Diversity, Equity and Inclusion at ORAEYC

In 2020, ORAEYC received a grant from NAEYC to improve our focus on designing an equitable organization that is inclusive to all communities. Our commitment includes collaborating with BIPOC educators, establishing two Communities of Practices (BIPOC & White Ally), and reinstating our Equity Committee to inform decision-making. 

Educator Equity Study 

Kids in Preschool

We are currently looking for educators who identify as Black, Indigenous, People of Color (BIPOC) who are willing to tell their stories! We want to work together to learn about experiences and identify barriers around inequities to strengthen inclusion. Educators who participate will receive a FREE NAEYC membership!

 

We invite educators to share their experience in the profession by completing an assessment survey and joining a 1.5-hour virtual focus group on Zoom. The information shared in the survey and focus group will be kept confidential. 

Use the interest form in your preferred language below by April 16th, 2021 to participate!

English          Español          Pусский

Statement of Solidarity

If not us, then who? If not now, then when?  - John Lewis

OregonAEYC stands in solidarity with every Black child, family, educator and the larger community. The deaths of George Floyd, Breonna Taylor, Ahmaud Arbery and many more, display the catastrophic issues of oppression and injustice for Black communities in America. We are saddened by disproportionate inequities seen throughout communities of color, and are committed to raising our voices to dismantle systemic racism, bias and oppression.  


For Black children, systemic inequity begins at a young age. Each year, at least 67,000 three to five year-old children are suspended or expelled from early childhood programs  – 250 children each day. Preschool-aged children are more than three times as likely to be suspended or expelled as K-12 students. African American children represent 18% of the preschool student population, but are 48% of children receiving multiple out-of-school suspensions or expulsions. African American children are more than 2.2 times as likely to be suspended or expelled. The disproportionate impacts of suspensions and expulsions on Black children and families in the preschool setting mirrors the overrepresentation of Black youth and adults in the criminal justice system. This is called the Preschool to Prison Pipeline. As early childhood educators, we are called to disrupt and ultimately destroy this pipeline, beginning in our own classrooms and programs.  


We are dedicated to raising awareness of the undeniable racism that still exists in our country, and will hold ourselves accountable for change. NAEYC’s We Stand Together statement provides a clear foundation as to why sustaining this work is important, “... Our goal is to nurture a more diverse and inclusive generation of young children who thrive through experience of equitable learning opportunities in early learning programs”. ORAEYC is committed to engaging in reflection, education and advocacy to confront racism. Respectively, we will actively reflect on our commitment as a High-Performing, Inclusive Organization at the forefront of all decision-making. Diverse perspectives provide uniqueness and value that raise a pillar of equity-focused, continuous growth. It is important for us to actively seek diversity within our Board, professional development offerings, public policy endeavors, and individual membership to mirror our field and elevate voices of those who have been historically marginalized.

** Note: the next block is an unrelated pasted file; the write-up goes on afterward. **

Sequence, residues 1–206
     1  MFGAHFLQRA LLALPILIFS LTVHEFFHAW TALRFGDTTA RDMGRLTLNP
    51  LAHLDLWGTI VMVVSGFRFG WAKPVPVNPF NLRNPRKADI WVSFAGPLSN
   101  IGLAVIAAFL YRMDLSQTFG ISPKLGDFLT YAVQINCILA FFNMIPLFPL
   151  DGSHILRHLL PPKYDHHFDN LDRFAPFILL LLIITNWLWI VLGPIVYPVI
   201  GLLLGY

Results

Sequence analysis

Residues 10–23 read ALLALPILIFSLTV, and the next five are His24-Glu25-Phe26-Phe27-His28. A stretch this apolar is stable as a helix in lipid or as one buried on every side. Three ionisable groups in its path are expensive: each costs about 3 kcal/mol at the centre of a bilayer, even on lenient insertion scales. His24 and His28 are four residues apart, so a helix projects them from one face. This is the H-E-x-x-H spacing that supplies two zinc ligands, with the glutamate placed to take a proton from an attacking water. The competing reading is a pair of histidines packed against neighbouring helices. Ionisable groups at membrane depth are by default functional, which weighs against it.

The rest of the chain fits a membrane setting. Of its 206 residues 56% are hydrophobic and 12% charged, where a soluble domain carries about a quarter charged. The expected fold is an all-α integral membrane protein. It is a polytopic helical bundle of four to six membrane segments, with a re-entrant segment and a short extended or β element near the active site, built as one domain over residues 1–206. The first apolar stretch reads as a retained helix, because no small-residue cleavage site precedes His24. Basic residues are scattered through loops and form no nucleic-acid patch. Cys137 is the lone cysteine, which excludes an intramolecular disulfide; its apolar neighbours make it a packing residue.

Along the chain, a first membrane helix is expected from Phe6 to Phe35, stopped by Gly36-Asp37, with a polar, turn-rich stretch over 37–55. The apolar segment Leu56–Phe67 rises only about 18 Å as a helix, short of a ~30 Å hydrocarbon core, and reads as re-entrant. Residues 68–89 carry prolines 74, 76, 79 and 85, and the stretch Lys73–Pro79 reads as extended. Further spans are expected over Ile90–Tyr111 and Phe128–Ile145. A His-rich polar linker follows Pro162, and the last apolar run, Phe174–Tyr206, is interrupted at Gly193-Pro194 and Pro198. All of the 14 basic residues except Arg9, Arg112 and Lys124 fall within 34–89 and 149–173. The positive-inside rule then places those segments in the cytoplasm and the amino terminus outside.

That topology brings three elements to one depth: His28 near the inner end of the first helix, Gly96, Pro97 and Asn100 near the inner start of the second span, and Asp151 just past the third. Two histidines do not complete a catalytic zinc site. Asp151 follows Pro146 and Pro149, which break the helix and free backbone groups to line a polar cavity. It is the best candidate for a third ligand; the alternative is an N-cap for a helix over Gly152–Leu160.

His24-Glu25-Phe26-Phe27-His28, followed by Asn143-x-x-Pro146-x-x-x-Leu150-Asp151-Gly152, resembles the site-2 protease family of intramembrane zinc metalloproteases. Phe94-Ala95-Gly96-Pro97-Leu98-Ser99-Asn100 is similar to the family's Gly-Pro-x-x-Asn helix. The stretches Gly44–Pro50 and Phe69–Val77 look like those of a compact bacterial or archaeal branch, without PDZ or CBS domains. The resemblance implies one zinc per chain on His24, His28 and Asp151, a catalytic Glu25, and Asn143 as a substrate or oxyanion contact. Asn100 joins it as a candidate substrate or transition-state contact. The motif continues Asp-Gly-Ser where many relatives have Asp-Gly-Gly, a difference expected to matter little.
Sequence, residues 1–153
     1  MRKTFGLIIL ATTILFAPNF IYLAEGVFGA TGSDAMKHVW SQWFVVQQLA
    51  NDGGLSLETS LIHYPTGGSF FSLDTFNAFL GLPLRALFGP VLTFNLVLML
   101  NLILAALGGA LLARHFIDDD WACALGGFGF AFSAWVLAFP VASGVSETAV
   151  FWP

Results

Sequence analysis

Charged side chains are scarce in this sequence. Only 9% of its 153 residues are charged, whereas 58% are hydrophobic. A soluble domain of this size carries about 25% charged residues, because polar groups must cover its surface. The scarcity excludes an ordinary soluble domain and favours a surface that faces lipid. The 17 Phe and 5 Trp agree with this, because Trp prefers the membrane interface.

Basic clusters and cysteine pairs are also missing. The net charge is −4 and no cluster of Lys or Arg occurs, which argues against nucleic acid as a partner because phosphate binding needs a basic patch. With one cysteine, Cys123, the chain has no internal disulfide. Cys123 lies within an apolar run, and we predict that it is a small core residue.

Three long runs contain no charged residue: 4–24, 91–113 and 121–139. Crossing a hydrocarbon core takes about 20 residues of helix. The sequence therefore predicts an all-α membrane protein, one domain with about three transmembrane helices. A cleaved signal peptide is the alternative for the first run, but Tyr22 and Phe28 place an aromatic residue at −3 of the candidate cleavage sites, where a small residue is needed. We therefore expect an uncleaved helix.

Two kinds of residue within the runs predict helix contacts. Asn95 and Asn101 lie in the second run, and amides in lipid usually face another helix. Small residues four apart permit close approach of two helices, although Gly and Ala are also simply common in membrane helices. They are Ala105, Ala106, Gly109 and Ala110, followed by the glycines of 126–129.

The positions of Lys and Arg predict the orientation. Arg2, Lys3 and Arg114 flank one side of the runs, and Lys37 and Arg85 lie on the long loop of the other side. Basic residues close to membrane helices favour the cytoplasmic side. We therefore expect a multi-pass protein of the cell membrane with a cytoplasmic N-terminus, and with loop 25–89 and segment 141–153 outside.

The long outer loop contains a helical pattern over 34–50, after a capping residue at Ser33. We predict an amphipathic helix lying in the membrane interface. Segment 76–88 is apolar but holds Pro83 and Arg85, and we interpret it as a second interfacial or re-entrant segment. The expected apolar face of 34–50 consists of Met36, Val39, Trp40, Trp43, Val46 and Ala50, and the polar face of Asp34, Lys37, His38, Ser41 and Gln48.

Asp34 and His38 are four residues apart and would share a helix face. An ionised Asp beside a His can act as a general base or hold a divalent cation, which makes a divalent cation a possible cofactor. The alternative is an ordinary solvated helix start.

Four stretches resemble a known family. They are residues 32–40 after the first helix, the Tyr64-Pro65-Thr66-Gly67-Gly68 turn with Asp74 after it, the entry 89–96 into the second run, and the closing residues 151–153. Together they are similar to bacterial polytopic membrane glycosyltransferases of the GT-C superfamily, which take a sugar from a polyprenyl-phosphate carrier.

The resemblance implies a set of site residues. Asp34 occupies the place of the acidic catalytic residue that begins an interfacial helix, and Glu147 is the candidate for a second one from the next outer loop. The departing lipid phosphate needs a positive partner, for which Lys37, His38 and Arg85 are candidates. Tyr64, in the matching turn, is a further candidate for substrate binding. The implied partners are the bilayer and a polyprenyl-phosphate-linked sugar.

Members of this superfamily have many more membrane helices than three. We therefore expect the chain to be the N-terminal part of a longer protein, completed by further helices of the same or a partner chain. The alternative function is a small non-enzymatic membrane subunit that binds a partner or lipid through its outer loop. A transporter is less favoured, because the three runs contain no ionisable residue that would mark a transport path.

We will educate ourselves and others by offering, and participating in, professional development opportunities focused on anti-racism, diversity, equity, privilege and power. We recognize merit in establishing a platform for affinity groups and peer learning communities, and commit to providing opportunities for educators to engage in 
conversations that will influence self-reflection and allyship to dismantle racism and systems of oppression. As written by The National Black Child Development Institute, “the change we seek takes time”, therefore we will tirelessly advocate for communities of color by sharing our power with those who have been disenfranchised, and stand in solidarity to demand change.

If not us, then who? If not now, then when?  - John Lewis

Sincerely, 

ORAEYC Board

We encourage you to share your power:

  • Raise your voice through writing, protesting, making phone calls, or using social media

  • Register to vote -- and vote!

  • Support social justice organizations by donating time or resources

  • Hold individuals accountable for their actions

  • Implement inclusive, culturally competent, and anti-oppressive policies, practices and curriculum in your program or classroom
     

Resources to sustain conversations, particularly with children and families: